Col. Schjønning explained that the benefits were mixed, “The advantage is of course that it is less expensive and it is very flexible, based on what is on the market at the time. The disadvantages of this are of course that the next building block to put on top, depends on what we already have bought as to whether it fits onto the Lego blocks. There is no single producer responsible for systems integration and interoperability.”

The structure of the communications network used by the soldier continues to need addressing before the benefits of more advanced C4I applications can be fully exploited according to Col. Schjønning, “When I evaluate radio traffic at the platoon and section level, from what I hear, we are far from a professional level. Before we go on putting battle management systems and more difficult to handle equipment out to the soldier, we have to learn to use what we have. Combat effectiveness is 30 percent equipment and 70 percent training. If the training is poor or insufficient, then the combat effectiveness in the unit is very low and we are not using the full potential in the equipment that we have.”

Denmark has recently embarked on the next phase of soldier equipment purchase recommendations lasting for the next five years. These include a dismounted battle management system which will also work with a vehicle mounted BMS and new tactical radios, currently in the process of being acquired. Col. Schjønning said, “A dismounted BMS should come as a natural extension of these projects.”

The Combat Centre recently sent a team to monitor Danish Infantry Company throughout its recent six month tour of Afghanistan to report back on injuries attributable to the heavy loads being carried by troops.

The official report, found that 10 to 15 percent of the company suffered permanent debilitating injures due to heavy loads, injuries that they will have to live with for the rest of their lives.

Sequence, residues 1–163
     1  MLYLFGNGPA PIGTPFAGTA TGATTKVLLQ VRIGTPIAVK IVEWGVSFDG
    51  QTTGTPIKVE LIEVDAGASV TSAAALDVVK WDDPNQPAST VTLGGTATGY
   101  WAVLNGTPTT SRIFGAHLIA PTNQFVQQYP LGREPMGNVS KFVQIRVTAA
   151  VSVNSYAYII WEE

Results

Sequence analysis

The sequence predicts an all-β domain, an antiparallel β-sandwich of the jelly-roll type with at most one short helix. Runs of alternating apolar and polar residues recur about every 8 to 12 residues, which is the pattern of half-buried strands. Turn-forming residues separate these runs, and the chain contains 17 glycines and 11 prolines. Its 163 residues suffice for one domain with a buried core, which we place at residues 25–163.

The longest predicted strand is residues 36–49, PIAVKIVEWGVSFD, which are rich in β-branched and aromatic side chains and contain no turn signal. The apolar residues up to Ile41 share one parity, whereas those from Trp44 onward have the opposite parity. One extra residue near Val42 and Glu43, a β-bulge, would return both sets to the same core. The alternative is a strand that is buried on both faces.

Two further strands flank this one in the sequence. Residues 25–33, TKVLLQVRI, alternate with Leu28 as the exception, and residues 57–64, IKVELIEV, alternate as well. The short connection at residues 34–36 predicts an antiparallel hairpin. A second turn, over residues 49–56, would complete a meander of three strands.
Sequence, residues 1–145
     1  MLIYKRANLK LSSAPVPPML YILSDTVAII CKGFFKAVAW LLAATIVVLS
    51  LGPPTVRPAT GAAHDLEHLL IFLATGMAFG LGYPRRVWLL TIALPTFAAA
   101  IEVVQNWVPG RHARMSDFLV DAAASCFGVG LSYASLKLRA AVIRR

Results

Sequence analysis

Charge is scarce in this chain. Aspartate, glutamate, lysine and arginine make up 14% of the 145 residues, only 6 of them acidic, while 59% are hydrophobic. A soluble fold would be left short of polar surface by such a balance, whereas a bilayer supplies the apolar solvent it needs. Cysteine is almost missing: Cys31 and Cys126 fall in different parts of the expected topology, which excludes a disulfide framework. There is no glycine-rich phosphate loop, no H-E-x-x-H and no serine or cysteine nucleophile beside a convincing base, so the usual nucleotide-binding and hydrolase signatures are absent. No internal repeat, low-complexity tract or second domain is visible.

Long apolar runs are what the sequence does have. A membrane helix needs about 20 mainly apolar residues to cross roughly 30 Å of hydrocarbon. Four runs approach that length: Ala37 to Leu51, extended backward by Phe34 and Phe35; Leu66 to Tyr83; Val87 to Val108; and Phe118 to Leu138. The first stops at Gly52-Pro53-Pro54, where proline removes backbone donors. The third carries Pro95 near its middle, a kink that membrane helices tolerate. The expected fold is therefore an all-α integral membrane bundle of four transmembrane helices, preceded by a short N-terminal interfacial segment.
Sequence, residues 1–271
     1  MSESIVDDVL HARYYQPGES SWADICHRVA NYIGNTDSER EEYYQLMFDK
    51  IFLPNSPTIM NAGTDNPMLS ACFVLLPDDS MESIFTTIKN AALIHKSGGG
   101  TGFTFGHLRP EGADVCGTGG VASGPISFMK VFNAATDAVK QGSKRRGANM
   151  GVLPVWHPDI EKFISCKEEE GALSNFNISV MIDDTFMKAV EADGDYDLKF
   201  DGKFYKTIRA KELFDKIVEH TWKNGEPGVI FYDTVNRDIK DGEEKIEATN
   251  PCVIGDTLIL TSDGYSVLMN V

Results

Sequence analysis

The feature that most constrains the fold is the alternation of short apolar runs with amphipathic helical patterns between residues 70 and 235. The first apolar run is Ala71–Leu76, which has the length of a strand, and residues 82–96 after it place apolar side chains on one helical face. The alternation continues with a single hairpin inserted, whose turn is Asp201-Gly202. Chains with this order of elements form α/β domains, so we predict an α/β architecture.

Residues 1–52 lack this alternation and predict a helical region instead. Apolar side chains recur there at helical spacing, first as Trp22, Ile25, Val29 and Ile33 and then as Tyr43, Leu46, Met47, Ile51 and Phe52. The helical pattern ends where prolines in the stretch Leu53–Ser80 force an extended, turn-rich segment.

Col. Schjønning explained, “In some platoons up to half are on painkillers for parts of operations. They continued on fighting and patrolling to support their comrades. We have the problem, they don’t.”

It is currently only possible to provide physiotherapy in Denmark either while soldiers are on leave or after they return from their tour of duty. The Combat Centre’s solution is that a physiotherapist be embedded with the unit when deployed.

In addition to palliative methods, further attention if being focussed on reducing the load and improving ergonomics. Col. Schjønning explained, “Some of the weight load reductions can be achieved through for example modular multifunction body armour.”

Further short term recommendations are for combat identification and well as to better understand the need for observation equipment at lower tactical levels.

A further recommendation is for the redesign of Physical Training to better prepare soldiers for operational conditions. “We have real problems with our training times. We don’t think we can’t take a civilian and train him for combat in Helmand in 12 months unless he is a rare sportsman before he starts.”

Moving beyond the shorter term limit of five years, the DACC has recommended giving greater priority to C4I and it is in this timeframe that a dismounted BMS will be required. To prepare the way for this the DACC is working to expand the capabilities of the Danish Army Reference Centre to develop understanding of C2 to inform the acquisition of future building blocks. Colonel Schjønning said, “This programme and the development is too important. Later on we will continue with the vehicle platform C4I system and tactical radio. They would be implemented and the technology would therefore be mature enough to start the acquisition of dismounted BMS.”

Col. Schjønning emphasises that training be done with the equipment that Denmark already has, citing the example of communications. “If you don’t have well trained troops, the only affect will be to have more chat on the net but, if you give a PRR to a well trained infantry section, you have synergy. Good equipment can’t be a stand in for good training, it is the other way around.” Colonel Schjønning was speaking at WBR’s Soldier Technology Europe.